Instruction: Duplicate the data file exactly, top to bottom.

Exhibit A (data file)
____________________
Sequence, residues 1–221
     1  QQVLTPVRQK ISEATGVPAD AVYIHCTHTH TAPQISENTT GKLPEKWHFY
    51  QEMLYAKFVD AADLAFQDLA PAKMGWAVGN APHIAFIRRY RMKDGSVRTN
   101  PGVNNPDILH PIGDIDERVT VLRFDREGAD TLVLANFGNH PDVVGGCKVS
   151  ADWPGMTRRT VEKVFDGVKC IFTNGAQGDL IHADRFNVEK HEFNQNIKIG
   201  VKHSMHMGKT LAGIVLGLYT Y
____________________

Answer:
Sequence, residues 1–221
     1  QQVLTPVRQK ISEATGVPAD AVYIHCTHTH TAPQISENTT GKLPEKWHFY
    51  QEMLYAKFVD AADLAFQDLA PAKMGWAVGN APHIAFIRRY RMKDGSVRTN
   101  PGVNNPDILH PIGDIDERVT VLRFDREGAD TLVLANFGNH PDVVGGCKVS
   151  ADWPGMTRRT VEKVFDGVKC IFTNGAQGDL IHADRFNVEK HEFNQNIKIG
   201  VKHSMHMGKT LAGIVLGLYT Y